The combatants of D-Day deserve our never-ending gratitude, not because they fought for a king, or a country, but because they fought to ensure we had freedom from tyranny.

Thank you, to you all.

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D-DAY-21

sc078

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#158/365 – The Beautiful Game.


Yes, I’m talking about football.

And no, my American chums, not your kind of football where you use your hands, I’m talking about our kind of football where we use our foots. (Why don’t they call it Feetball?)

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Unfortunately, that’s about as good as it gets for the English national team because they’re actually not very good at using their feet.

That said, it doesn’t stop me admiring the skills of the foreign players who grace the Premier League or indeed, the classy sides in the Champions League.

One of the reasons England won’t stand a chance of winning the World Cup is that FIFA have brought in this stupid rule which means you have to actually be English to play for the national team. That’s game over right there.

Take the recent warm up match against Peru – our man of the match was goalie, Joe Hart. (Even though it was actually given to Sturridge who was very poor despite his cracking goal.)

Let’s have a little player rating, shall we?

No?

It was rhetorical.

Joe Hart 8/10. Man of the match, for me. Busier than the Peruvian keeper. Jagielka owes him big time.

Glen Johnson -8/10. Yes, that’s minus 8. He was a liability and certainly played like a man who has no competition for his place. Constantly lost possession. Worst player on the pitch. Kyle Walker – you are sorely missed.

Leighton Baines 0/10. Provided no width on the left wing. Rarely got forward.

Gary Cahill 7/10. Was the only decent defender on the pitch.

Phil Jagielka -5/10. Another liability. And against better teams would have probably been responsible for us conceding 2 or 3 goals. Owes Joe Hart a night on the beer. (They’ll probably do that night before the Italy game.)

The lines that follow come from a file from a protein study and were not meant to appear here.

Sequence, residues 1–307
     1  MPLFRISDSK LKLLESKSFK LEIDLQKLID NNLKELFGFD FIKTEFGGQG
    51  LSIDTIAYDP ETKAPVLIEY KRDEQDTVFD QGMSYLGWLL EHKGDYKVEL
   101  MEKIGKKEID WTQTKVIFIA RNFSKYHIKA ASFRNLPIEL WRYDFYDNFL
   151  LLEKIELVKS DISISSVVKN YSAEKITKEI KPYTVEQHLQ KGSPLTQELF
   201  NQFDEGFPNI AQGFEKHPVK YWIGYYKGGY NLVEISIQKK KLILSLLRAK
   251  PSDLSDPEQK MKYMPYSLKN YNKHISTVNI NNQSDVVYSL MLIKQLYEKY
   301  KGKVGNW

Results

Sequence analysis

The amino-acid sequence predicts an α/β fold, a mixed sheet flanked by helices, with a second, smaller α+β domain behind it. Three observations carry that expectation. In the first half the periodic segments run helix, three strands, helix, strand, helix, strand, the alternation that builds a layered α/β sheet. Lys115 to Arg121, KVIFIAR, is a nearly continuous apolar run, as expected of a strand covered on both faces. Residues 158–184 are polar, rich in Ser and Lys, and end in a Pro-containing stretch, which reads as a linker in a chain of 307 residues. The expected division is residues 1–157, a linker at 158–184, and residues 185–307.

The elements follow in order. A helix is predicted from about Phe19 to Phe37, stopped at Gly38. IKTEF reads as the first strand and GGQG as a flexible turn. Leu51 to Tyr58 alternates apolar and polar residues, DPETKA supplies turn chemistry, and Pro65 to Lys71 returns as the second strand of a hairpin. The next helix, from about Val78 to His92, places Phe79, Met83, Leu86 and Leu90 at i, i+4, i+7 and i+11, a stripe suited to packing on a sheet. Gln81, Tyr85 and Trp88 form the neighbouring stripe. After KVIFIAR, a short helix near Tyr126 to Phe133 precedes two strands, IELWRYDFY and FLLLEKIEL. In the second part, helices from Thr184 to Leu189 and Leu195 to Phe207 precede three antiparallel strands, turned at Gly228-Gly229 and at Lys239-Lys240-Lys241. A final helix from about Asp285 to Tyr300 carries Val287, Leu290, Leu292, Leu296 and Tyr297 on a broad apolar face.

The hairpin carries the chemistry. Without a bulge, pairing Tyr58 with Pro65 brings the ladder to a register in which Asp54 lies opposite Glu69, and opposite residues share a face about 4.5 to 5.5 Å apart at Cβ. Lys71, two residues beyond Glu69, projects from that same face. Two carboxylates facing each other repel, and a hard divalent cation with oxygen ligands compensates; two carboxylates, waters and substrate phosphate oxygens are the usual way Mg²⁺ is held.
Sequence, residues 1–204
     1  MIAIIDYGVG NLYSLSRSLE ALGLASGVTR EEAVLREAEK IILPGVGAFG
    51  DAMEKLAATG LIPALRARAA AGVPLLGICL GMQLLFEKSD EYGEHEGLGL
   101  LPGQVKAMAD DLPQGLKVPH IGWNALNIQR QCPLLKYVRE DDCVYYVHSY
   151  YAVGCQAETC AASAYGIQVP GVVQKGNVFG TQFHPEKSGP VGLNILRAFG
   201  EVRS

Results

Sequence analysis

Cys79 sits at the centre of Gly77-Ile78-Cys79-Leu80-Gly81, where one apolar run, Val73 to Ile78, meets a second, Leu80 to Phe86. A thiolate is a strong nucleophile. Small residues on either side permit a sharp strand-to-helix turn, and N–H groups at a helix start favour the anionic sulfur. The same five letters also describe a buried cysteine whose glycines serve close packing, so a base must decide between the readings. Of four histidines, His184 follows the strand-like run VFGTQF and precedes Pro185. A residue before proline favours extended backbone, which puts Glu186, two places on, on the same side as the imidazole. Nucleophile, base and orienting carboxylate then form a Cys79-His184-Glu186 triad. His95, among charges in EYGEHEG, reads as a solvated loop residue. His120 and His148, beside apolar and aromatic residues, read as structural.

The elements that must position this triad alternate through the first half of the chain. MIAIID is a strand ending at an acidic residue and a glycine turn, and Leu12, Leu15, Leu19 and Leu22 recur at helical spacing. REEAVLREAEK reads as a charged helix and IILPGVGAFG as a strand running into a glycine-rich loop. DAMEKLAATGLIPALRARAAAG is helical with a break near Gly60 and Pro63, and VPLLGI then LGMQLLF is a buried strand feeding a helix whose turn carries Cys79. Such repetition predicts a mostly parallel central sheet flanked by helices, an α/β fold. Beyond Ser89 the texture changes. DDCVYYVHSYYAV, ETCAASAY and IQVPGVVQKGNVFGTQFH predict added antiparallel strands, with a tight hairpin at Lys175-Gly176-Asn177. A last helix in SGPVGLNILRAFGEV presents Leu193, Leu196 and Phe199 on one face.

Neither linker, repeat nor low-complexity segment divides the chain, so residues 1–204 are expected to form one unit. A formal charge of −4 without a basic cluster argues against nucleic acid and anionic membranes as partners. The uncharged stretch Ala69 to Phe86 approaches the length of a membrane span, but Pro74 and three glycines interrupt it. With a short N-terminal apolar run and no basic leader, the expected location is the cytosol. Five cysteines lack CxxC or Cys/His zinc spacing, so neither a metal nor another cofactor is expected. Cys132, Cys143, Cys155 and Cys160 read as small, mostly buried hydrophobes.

Steven Gerrard -5/10. Constantly gave the ball away by over-hitting passes.

Jordan Henderson -2/10. Perhaps didn’t lose possession quite as much as Gerrard, but did he actually pass the ball forward at any stage during the game?

Lallana 0/10. Completely ineffective. Which was a shame as I have high hopes for him.

Wellbeck -4/10. Constantly lost possession. I don’t think Hodgson realised he was playing otherwise he would have subbed him after four minutes. Looked about as menacing as 16 stone streaker.

Rooney -6/10. Actually was a 16 stone streaker. Looked very short of match practice. Gave the ball away at every opportunity. Had the first touch of a newborn giraffe on crystal meth.

Sturridge 2/10. Only gets into positive figures for his cracking goal. The rest of the time he was hapless.

I can’t be arsed doing the subs. Life’s too short.

You wouldn’t have thunk we won 3 – nil. T’was a tad flattering.

England’s main problem was their first touch. (And their second, third etc.) They were set up like a Spanish team yet can’t seem to be able to control a ball without having to take three touches and have a minimum amount of space around them akin to the turning circle of a Passat estate.

“I was delighted with England’s performance,” said the Italian, Uruguayan and Costa Rican coaches.

Look on the bright side, England: at least after the group games you’ll get to spend a couple of weeks on the Copacabana. But please, don’t try beach footy, you’ll only make twats of yourselves.